The National Sports Collectors Convention opens four weeks from now, making its third ever stop in Atlantic City. The first was in 1988 when an estimated 50,000 collectors turned out just as the hobby’s boom era was beginning to escalate. The second stop came 15 years later when much of the focus for buying and selling had shifted online. A look back at some of the coverage from that first show gives you a sense of how far the hobby has come—or hasn’t.
The cardboard king on the floor of the AC Convention Center in 1988 was Don Mattingly. The show was close enough to Yankees country that dealers sold as many as they could find but even if it had been held in Des Moines, Mattingly would have been a hot ticket. He seemed like a sure bet for Cooperstown then and his rookie cards were skyrocketing with every batting title and clutch home run.
Collectors of vintage cards had witnessed increasing interest thanks to a flurry of national publicity about how valuable cards had become. Jaws were dropping as buyers at the show circled around high-end 1952 Topps Mickey Mantle cards that were selling for (gasp!) $6,500!
A T206 Wagner was priced at $110,000. If only we’d pooled our money…
Judging by the photo in the Associated Press feature story that ran in newspapers coast-to-coast during that warm weekend 28 years ago, Mr. Mint was a busy man. He could be abrasive and boastful but he was also the guy whose full-page ads and briefcases full of cash led to national TV appearances during the decade and helped propel interest in baseball cards to new heights.
Unfortunately in 1988, the belief that buying current players and treating their cards like stocks was still very much in evidence. Speculators were doubling down on Eric Davis; paying $4 and up for young Mets prospect Gregg Jefferies and wondering if Sam Horn was worth that extra buck. Beckett’s monthly ‘weather report’ was the most anticipated media moment of the month, for dealers who needed pricing info and for collectors who wondered what their cards were worth.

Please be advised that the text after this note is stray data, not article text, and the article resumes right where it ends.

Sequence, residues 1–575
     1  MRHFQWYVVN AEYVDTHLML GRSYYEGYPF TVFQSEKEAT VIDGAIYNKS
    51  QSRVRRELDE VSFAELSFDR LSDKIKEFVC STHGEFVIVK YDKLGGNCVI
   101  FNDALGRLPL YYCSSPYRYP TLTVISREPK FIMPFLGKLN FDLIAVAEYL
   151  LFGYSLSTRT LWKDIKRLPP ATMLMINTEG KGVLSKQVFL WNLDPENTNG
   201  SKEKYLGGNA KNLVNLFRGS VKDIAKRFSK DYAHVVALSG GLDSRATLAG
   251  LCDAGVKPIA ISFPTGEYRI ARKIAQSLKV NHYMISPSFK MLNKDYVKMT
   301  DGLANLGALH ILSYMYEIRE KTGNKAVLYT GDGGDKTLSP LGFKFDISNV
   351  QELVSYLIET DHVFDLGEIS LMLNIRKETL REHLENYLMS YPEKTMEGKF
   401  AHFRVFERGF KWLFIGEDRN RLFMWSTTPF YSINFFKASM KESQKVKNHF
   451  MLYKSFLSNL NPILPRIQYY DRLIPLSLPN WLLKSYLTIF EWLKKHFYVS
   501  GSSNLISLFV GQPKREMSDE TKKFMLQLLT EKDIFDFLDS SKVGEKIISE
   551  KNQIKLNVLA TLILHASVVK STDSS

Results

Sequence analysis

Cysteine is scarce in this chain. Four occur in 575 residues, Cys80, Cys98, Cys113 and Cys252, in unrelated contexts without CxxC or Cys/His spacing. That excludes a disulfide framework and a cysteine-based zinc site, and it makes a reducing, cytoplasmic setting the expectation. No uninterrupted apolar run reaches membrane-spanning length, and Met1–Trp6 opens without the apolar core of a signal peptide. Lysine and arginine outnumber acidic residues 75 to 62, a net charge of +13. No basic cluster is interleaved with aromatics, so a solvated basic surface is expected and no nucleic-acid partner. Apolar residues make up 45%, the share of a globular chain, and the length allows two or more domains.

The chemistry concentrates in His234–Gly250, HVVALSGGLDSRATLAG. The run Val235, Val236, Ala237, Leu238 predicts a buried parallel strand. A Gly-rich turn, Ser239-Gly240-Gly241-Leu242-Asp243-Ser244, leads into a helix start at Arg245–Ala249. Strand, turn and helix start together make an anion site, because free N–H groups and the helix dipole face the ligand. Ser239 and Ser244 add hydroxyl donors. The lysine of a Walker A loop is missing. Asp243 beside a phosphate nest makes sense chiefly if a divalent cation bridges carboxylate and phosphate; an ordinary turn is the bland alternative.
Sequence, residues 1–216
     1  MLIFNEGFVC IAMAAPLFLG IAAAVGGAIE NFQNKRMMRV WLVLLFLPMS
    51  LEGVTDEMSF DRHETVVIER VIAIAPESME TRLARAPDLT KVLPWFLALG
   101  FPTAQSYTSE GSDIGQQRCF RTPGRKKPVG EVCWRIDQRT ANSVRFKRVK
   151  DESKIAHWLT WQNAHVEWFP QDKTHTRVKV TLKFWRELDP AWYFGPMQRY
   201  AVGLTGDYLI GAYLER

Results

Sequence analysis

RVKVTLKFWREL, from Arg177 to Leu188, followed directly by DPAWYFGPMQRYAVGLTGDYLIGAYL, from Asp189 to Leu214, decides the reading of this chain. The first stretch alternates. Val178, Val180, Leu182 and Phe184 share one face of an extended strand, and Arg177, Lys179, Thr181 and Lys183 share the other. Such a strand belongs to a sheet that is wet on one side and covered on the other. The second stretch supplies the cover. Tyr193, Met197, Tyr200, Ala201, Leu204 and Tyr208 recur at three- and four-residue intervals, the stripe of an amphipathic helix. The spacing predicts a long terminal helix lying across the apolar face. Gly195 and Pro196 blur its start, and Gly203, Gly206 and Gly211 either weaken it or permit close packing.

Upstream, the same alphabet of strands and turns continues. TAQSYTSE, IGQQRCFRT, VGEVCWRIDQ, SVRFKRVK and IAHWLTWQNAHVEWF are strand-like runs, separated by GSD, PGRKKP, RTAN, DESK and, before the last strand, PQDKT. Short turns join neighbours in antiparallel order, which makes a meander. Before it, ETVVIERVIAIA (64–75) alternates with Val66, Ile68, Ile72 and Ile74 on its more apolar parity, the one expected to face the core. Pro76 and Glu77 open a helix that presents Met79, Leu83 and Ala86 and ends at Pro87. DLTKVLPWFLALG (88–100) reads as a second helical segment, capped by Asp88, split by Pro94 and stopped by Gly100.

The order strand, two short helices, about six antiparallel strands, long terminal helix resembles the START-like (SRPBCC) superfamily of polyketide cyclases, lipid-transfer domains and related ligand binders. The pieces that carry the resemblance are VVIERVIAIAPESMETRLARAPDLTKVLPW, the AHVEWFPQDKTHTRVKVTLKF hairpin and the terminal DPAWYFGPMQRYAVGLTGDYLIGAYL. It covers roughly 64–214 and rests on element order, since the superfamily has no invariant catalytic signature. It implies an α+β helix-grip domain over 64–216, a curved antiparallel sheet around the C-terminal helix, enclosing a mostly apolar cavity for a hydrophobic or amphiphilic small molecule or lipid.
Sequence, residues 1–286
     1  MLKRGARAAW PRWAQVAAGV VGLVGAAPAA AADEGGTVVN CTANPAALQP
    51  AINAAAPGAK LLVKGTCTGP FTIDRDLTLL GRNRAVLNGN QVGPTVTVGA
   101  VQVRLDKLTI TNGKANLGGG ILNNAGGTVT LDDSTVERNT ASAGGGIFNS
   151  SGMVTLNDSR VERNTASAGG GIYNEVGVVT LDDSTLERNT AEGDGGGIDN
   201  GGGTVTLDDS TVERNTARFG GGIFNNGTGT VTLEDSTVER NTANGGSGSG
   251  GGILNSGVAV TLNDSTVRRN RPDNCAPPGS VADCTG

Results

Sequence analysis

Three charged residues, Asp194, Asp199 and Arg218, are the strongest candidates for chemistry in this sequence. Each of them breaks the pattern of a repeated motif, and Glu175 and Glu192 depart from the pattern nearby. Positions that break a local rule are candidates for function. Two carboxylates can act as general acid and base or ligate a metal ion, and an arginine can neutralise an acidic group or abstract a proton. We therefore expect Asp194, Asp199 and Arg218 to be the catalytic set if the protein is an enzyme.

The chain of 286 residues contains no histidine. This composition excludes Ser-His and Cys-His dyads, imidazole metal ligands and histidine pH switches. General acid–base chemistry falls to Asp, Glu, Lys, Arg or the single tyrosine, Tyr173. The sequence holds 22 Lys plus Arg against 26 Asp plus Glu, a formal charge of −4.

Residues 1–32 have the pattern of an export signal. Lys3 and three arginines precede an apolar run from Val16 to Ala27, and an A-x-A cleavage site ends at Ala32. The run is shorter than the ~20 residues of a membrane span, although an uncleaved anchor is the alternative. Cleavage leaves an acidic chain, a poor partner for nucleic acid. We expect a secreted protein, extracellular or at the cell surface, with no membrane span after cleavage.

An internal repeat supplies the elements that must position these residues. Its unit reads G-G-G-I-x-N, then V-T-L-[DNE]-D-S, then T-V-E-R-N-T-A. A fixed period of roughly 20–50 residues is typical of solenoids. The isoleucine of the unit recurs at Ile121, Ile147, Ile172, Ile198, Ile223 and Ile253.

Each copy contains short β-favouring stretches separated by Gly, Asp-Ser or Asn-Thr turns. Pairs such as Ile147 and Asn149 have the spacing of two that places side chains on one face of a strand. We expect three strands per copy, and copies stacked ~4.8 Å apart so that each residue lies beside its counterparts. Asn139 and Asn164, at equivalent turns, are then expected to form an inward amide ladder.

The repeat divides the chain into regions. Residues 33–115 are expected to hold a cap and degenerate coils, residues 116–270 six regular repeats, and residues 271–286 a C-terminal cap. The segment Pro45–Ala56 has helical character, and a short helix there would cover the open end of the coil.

But reading some of the media coverage from that first AC visit 28 years ago, including this story in the Philadelphia Inquirer, not much has really changed. There was already investing going on and not all of the action was on Mattingly or Jose Canseco rookie cards. There were determined buyers from traditional markets dipping into the pool then, too, buying those vintage icons that are soaring today: Mantle, Jackie Robinson, Koufax and others. It seems silly now, but dealers even then were lamenting the increasing costs of cards, worried that the prices were going to drive “true” collectors out.
Those who stayed in it, buying quality cards when they could and sticking them away for the long haul back in 1988 (or even ’03) have probably seen a better return than nearly every stock or mutual fund. Those prices—even adjusting for today’s dollars—seem quaint.
One of the most fascinating elements of the 1988 National was that IBM had a booth at the show, promoting its home computer. It would be a few more years before just about everyone had one.
There were also cities lobbying to host the 1989 National.
Las Vegas brought showgirls but in true hobby fashion, Chicago won the vote.